Having déjà vu? We’re all seeing the headlines: 100,000 new COVID-19 infections a day… New infections climb back to winter levels …
Everyone is feeling stress, fear and anxiety — including our youth. The CDC reported that since the pandemic, pediatric emergency department visits for mental-health reasons have escalated across the country.
Some of our young patients are stressed that they will get infected and worry that they will bring it home to their parents and grandparents, especially as they go back to school. Some refuse to leave their homes and have chosen remote instruction for another year. Overwhelming worrying and fear interfering with daily life are symptoms of an anxiety disorder. As adolescent medicine specialists, we’re seeing increased anxiety disorders, including generalized anxiety disorder, post-traumatic stress disorder (PTSD), and obsessive-compulsive disorder (OCD).
PTSD results from exposure to trauma and involves persistent distress or fear, avoidance of things that remind them of the trauma, and mood changes. PTSD may result from witnessing someone die from COVID-19, or just living through the pandemic. People with OCD have persistent intrusive and unwanted thoughts, such as believing that they either have or will get COVID.
Some adolescents can’t sleep, feel sad all the time, and stay in their rooms. One patient told us, “I quit the cross-country team. … I don’t keep up with my friends anymore.” This is not normal teenager moodiness; it’s depression.
During adolescence, teens’ bodies change, and body image develops. Many gained excessive weight during the pandemic as sports were paused and they spent more time indoors. At the Nemours Eating Disorders Evaluation and Management Program, one patient told us, “I felt really big. ... I started to exercise, then I started skipping meals, and then I started to purge.” Nationwide, eating disorders have become more common during the pandemic, and hotline calls to the National Eating Disorders Association increased 70% to 80% compared with pre-pandemic levels.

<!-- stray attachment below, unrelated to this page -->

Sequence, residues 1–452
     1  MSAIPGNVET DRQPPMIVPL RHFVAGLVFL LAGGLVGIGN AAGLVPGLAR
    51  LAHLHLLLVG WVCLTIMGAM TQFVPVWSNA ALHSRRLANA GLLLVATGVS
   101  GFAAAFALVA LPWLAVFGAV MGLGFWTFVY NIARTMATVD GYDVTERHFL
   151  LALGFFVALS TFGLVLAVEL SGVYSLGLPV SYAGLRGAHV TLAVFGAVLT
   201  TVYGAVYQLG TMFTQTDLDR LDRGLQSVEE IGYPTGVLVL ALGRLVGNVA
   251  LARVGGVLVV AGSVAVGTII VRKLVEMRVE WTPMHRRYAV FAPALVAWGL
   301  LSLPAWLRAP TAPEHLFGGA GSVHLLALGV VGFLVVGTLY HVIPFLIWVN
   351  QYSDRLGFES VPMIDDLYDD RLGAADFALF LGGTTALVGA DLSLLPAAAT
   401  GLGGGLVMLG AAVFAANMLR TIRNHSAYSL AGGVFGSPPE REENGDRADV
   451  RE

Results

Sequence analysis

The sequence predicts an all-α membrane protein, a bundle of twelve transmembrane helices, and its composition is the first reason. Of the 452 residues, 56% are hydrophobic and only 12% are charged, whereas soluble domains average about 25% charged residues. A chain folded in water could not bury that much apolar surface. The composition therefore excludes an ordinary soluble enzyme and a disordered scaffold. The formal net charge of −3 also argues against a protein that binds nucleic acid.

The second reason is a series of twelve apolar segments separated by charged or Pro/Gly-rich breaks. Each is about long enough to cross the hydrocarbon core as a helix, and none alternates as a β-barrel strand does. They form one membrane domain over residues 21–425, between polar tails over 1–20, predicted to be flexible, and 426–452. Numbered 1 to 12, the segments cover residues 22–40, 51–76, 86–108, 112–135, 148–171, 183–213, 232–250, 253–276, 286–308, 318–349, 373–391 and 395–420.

You may not know these teenagers, but you may know others who are suffering, and maybe one is your very own. Another heartbreaking concern: We have seen an increase in suicide attempts this year.
Mental-health problems are real, not something that teenagers can “get over.” An essential part of getting better is psychotherapy. Therapy can help teens understand their issues, resolve problems, modify behaviors, and make positive changes in their lives. There are many types of scientifically backed psychotherapy that involve different approaches. Here are some options:
Cognitive behavior therapy (CBT) combines cognitive and behavioral therapies and has been found to be the most effective treatment for children and adolescents with anxiety and depression. People with these problems often have distorted patterns of thinking that lead to distress and dysfunctional behaviors. CBT addresses these self-defeating patterns of thinking that have become automatic; it helps patients correct and reframe these thoughts. In addition, CBT helps people learn how to cope with the symptoms of their condition and teaches relaxation techniques.
Dialectical behavior therapy (DBT) is often used to treat older adolescents who have chronic suicidal thoughts and who harm themselves. DBT helps examine how they deal with conflict and intense negative emotions and helps them learn coping skills through mindfulness and emotional regulation. DBT often involves a combination of group and individual sessions.
Family-based treatment (FBT) is a specific type of family therapy and is considered the gold standard in treating anorexia and bulimia nervosa. FBT is based on the understanding that eating disorders take over teens’ thoughts and behaviors and prevent them from making rational and healthy decisions about food, exercise, and their body. FBT empowers parents to play an active role in helping their teenagers restore weight, externalize the disorder, and normalize their eating habits. FBT is divided into three phases aimed at gradually returning control to teenagers.
Interpersonal therapy (IPT) is a brief, diagnosis-targeted treatment used to help people with depression and other psychiatric conditions. IPT focuses on how interpersonal relationships affect a person’s emotional state and addresses problematic relationships. IPT helps patients solve interpersonal crises and identify their social supports to improve their symptoms and their lives.
Our advice: If you notice any changes in your teenagers’ mood, start by discussing these changes with their primary-care provider. Sometimes, both psychotherapy and medication are needed. Therapy is a process; over time it can reduce symptoms, provide insight, and improve quality of life.
Rima Himelstein is an adolescent-medicine specialist and Bailey DeLong is a master’s level social worker at Nemours Children’s Hospital, Delaware.